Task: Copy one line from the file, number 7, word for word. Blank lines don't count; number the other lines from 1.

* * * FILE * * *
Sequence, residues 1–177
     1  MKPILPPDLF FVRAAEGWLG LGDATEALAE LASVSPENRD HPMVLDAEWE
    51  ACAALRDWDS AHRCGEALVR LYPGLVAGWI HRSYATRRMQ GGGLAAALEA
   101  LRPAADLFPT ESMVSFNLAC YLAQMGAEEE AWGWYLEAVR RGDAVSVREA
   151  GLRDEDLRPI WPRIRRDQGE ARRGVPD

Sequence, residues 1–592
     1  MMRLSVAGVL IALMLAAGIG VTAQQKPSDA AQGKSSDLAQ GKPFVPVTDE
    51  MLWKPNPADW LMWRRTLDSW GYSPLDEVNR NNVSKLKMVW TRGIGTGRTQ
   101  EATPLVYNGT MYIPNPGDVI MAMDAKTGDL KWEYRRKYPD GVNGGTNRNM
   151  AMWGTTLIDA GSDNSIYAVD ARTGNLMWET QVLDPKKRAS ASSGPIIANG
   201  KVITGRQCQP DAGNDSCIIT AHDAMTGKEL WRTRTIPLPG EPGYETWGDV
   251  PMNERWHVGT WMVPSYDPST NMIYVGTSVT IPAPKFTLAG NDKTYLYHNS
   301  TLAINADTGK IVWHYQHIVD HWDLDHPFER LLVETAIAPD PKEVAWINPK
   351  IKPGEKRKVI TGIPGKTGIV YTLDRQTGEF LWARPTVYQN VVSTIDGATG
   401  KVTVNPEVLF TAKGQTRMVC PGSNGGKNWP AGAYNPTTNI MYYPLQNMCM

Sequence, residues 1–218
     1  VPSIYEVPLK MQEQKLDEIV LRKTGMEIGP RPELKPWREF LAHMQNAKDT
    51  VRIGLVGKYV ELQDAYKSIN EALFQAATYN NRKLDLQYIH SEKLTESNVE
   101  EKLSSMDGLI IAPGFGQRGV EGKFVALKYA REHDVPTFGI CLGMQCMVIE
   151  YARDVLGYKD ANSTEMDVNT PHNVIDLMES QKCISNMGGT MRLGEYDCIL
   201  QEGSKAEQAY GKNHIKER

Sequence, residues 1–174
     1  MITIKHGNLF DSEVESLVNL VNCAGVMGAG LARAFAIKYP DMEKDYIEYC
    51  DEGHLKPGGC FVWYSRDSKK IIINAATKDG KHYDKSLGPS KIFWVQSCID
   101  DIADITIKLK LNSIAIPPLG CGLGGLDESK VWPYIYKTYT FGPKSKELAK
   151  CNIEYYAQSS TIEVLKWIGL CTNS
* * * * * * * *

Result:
     1  MMRLSVAGVL IALMLAAGIG VTAQQKPSDA AQGKSSDLAQ GKPFVPVTDE